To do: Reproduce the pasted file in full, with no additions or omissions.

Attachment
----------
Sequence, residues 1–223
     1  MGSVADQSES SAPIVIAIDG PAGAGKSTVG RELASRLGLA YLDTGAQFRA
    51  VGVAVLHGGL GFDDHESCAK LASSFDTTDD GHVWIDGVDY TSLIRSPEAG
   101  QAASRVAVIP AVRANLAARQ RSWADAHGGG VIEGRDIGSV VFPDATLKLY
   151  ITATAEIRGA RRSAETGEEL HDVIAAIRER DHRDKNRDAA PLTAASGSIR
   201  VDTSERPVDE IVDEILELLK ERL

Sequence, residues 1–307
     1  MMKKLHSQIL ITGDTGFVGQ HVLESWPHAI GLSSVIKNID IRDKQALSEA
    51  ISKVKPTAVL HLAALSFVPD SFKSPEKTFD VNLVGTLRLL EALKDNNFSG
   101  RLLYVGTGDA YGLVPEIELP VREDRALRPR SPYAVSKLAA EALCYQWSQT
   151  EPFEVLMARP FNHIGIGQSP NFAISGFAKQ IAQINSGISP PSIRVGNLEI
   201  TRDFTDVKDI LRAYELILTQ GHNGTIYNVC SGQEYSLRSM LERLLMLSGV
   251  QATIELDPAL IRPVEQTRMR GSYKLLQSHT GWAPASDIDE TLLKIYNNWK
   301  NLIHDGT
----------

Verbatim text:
Sequence, residues 1–223
     1  MGSVADQSES SAPIVIAIDG PAGAGKSTVG RELASRLGLA YLDTGAQFRA
    51  VGVAVLHGGL GFDDHESCAK LASSFDTTDD GHVWIDGVDY TSLIRSPEAG
   101  QAASRVAVIP AVRANLAARQ RSWADAHGGG VIEGRDIGSV VFPDATLKLY
   151  ITATAEIRGA RRSAETGEEL HDVIAAIRER DHRDKNRDAA PLTAASGSIR
   201  VDTSERPVDE IVDEILELLK ERL

Sequence, residues 1–307
     1  MMKKLHSQIL ITGDTGFVGQ HVLESWPHAI GLSSVIKNID IRDKQALSEA
    51  ISKVKPTAVL HLAALSFVPD SFKSPEKTFD VNLVGTLRLL EALKDNNFSG
   101  RLLYVGTGDA YGLVPEIELP VREDRALRPR SPYAVSKLAA EALCYQWSQT
   151  EPFEVLMARP FNHIGIGQSP NFAISGFAKQ IAQINSGISP PSIRVGNLEI
   201  TRDFTDVKDI LRAYELILTQ GHNGTIYNVC SGQEYSLRSM LERLLMLSGV
   251  QATIELDPAL IRPVEQTRMR GSYKLLQSHT GWAPASDIDE TLLKIYNNWK
   301  NLIHDGT